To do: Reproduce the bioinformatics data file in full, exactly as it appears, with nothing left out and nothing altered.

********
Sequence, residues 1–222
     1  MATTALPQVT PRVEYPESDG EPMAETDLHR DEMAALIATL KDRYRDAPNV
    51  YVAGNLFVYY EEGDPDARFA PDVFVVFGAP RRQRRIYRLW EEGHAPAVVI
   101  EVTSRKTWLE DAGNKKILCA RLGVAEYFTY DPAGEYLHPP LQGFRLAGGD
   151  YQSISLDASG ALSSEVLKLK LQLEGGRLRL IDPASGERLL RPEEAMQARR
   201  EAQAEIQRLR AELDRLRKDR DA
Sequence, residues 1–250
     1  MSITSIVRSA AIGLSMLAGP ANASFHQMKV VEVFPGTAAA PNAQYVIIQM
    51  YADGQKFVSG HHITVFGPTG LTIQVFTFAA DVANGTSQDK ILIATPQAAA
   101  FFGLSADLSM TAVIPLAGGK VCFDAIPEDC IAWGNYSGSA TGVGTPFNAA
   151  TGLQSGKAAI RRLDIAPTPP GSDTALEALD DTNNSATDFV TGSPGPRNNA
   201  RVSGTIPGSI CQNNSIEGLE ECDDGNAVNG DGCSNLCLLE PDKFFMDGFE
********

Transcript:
Sequence, residues 1–222
     1  MATTALPQVT PRVEYPESDG EPMAETDLHR DEMAALIATL KDRYRDAPNV
    51  YVAGNLFVYY EEGDPDARFA PDVFVVFGAP RRQRRIYRLW EEGHAPAVVI
   101  EVTSRKTWLE DAGNKKILCA RLGVAEYFTY DPAGEYLHPP LQGFRLAGGD
   151  YQSISLDASG ALSSEVLKLK LQLEGGRLRL IDPASGERLL RPEEAMQARR
   201  EAQAEIQRLR AELDRLRKDR DA
Sequence, residues 1–250
     1  MSITSIVRSA AIGLSMLAGP ANASFHQMKV VEVFPGTAAA PNAQYVIIQM
    51  YADGQKFVSG HHITVFGPTG LTIQVFTFAA DVANGTSQDK ILIATPQAAA
   101  FFGLSADLSM TAVIPLAGGK VCFDAIPEDC IAWGNYSGSA TGVGTPFNAA
   151  TGLQSGKAAI RRLDIAPTPP GSDTALEALD DTNNSATDFV TGSPGPRNNA
   201  RVSGTIPGSI CQNNSIEGLE ECDDGNAVNG DGCSNLCLLE PDKFFMDGFE